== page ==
A Case Study for the Sonoma County Energy Independence Program
In 1992, Cailyn McCauley and Joel Quigley moved into their 1,700 square foot, fixer-upper home in Santa Rosa. The couple’s first years in the home were spent remodeling the home inside and trimming back the massively overgrown landscaping. Concerned about climate change and energy usage, they also took on water and energy conservation projects throughout the 1990s.
Starting in 1994, they replaced all their 3.5-gallon per flush toilets with low flow toilets, switched to low flow faucets, and built a network of lawn sprinklers and garden drip irrigation. Just in flushing, they reduced water usage from 1,080 gallons a month to only 144 gallons—a savings of 936 gallons per month on average!
Throughout the late 1990s and early 2000s, the Quigley’s slowly and steadily replaced single pane windows, installed CFL lighting, refinished hardwood floors, and rebuilt bathrooms. But it was in 2003 that the couple first sketched out the idea of building a courtyard off the front of their home and tearing out lawns. This vision wasn’t realized until 2005, when an 80’ silver maple in their front yard was dying and had to be removed. This is when they made the move to completely reinvent their landscaping to become a usable, greener, outdoor entertaining area.
During removal of the silver maple, they dug out thirsty lawns and replaced the majority of the area with permeable surface, decomposed granite. The decomposed granite allows water to filter down to the aquifer instead of running off into gutters, yet still functions like a hard surface to allow for BBQ and patio areas. The remainder of the yard was planted with native plants and urban, organic gardens in narrow strips with drip irrigation. And because the driveway had been severely damaged by the silver maple’s root system, the couple had the concrete removed. But instead of dumping the concrete into the landfill, they broke it into small blocks to reuse as retaining walls in these planted areas. Another ecological benefit: they no longer needed a lawn mower with a polluting, two-stroke engine.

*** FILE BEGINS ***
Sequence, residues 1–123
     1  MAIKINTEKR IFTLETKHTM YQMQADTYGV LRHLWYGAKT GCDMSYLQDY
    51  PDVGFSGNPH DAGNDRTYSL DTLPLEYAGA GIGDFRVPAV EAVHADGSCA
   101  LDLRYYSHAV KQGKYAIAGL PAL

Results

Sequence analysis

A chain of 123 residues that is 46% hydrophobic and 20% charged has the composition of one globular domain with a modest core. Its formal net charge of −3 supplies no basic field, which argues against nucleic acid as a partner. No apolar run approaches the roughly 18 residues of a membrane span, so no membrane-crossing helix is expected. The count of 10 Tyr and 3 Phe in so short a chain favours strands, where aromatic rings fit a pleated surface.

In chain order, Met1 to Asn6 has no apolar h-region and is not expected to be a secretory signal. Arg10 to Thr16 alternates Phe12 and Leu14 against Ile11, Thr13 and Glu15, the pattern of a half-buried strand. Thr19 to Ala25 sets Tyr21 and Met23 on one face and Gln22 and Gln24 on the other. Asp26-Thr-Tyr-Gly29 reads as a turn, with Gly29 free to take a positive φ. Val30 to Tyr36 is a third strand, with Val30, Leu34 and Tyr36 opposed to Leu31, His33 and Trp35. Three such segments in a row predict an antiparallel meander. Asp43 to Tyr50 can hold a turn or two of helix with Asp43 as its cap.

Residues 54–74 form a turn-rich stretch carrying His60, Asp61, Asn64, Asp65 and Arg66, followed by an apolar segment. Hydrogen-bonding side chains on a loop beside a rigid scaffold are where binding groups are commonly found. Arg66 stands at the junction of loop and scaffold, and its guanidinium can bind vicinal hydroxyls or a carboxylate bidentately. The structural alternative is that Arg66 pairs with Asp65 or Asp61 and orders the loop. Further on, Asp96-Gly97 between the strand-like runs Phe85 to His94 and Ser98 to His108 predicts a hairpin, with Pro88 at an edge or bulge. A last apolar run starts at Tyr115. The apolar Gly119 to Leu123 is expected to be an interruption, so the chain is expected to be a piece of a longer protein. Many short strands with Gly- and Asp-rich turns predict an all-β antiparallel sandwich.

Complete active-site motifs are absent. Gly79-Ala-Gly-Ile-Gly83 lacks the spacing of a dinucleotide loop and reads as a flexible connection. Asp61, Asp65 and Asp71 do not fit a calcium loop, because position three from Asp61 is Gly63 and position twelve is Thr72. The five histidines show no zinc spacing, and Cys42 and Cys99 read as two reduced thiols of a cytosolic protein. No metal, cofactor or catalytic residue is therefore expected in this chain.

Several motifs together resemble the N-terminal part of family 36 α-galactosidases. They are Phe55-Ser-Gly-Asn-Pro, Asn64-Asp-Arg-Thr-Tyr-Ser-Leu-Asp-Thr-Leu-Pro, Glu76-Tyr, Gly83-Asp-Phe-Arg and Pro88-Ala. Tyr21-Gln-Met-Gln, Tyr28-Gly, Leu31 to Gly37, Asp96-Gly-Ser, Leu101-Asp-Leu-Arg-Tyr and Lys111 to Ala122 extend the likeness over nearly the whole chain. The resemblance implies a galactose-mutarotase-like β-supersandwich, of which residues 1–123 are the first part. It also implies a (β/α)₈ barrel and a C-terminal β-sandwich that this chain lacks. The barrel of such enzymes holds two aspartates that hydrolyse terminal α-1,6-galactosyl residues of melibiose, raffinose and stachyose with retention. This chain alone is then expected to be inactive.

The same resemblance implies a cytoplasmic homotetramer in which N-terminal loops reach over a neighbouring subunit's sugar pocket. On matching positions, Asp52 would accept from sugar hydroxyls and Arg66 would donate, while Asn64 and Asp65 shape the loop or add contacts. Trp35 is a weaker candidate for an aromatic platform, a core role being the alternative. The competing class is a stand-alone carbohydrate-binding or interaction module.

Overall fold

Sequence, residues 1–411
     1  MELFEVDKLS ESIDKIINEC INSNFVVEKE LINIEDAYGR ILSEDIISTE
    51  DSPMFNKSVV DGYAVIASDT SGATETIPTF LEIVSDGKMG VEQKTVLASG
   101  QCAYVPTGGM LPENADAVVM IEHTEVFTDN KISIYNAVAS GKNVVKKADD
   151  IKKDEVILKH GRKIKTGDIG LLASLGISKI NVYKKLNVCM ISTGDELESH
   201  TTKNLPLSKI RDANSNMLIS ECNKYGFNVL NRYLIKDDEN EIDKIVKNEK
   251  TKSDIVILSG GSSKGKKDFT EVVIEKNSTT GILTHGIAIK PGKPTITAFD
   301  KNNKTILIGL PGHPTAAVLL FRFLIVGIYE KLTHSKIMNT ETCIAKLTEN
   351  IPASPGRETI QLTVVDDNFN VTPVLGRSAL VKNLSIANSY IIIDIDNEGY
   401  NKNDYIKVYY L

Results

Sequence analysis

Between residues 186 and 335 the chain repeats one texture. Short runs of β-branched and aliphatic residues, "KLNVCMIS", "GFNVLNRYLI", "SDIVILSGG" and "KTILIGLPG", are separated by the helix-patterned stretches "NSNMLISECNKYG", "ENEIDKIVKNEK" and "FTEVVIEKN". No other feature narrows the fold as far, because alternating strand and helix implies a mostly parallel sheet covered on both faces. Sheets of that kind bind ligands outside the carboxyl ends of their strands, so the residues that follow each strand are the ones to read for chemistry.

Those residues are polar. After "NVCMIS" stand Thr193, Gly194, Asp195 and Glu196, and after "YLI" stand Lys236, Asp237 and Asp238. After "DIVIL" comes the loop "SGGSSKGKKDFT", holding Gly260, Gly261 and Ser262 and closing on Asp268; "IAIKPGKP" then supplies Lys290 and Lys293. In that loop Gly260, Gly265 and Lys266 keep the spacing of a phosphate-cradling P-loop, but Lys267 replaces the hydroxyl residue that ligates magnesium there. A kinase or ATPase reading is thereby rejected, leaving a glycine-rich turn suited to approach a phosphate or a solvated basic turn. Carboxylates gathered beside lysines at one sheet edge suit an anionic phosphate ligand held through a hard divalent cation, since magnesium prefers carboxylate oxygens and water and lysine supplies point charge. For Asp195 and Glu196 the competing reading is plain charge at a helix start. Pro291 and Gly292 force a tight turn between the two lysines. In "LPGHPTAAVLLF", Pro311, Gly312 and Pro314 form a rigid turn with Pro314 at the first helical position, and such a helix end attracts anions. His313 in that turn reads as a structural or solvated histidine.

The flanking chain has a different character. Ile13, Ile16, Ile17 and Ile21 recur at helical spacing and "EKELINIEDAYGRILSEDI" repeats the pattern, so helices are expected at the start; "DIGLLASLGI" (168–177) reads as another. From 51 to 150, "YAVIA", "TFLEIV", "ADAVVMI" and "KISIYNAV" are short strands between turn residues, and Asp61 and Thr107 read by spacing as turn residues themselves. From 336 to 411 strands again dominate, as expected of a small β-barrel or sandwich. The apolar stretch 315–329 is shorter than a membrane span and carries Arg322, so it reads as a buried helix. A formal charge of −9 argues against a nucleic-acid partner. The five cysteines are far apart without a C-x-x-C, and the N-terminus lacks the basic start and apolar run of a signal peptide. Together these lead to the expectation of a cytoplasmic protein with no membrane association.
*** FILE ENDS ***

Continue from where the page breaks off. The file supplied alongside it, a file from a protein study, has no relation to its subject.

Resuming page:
During the completion of this nearly 3 year landscaping project, the Quigley’s also worked inside the home. They replaced their washer and dryer with high-efficiency models and installed an on-demand hot water heater to further reduce water and energy usage. Today, the family uses approximately 3,000 – 4,000 gallons during summer months, drastically reducing their water consumption from the peak consumption in past years at 23,000 gallons a month.
Needless to say, these realized conservation and out-of-pocket savings continued to inspire the couple to dream and plan for other resource saving projects. They especially wanted to further upgrade their home to reduce energy usage. Going solar was the big dream, but replacing their decades old gas furnace and kitchen appliances to properly take advantage of solar would be a long and potentially impossible series of projects. The financial resources do to it all at once were not available.
And then, in March 2009, when shopping at a local hardware store to investigate taking the first step to replace kitchen appliances, the Quigley’s heard about the launch of the Sonoma County Energy Independence Program (S.C.E.I.P.). They did their research, crunched the numbers, met with contractors and made the decision: with the support SCEIP, they could replace their old furnace with a high-efficiency furnace and upgrade to central air and go solar!
The Quigley’s approached their home’s energy reduction project carefully, using the PG&E Online Energy Evaluator. They learned about their home’s “loading order.” The term “loading order” refers to prioritizing what improvements can be made to a building to first reduce energy use through efficiency measures, so the appropriate solar system can be decided upon. If the couple did not make energy efficiency improvements to their home, they would end up having to buy a larger, much more expensive solar system than they would otherwise need.
To optimize home for solar, the Quigley’s changed out the last of their old, single pane windows, and installed a high-efficiency heat pump and central air in place of their old furnace and window air conditioners. The heat pump, aside from being highly efficient, is electric and will get its energy source from the solar panels when installed. They also upgraded their old kitchen appliances to improve energy efficiency. And now, they are ready for the installation of their new 4.7-kilowatt solar system thanks to S.C.E.I.P.!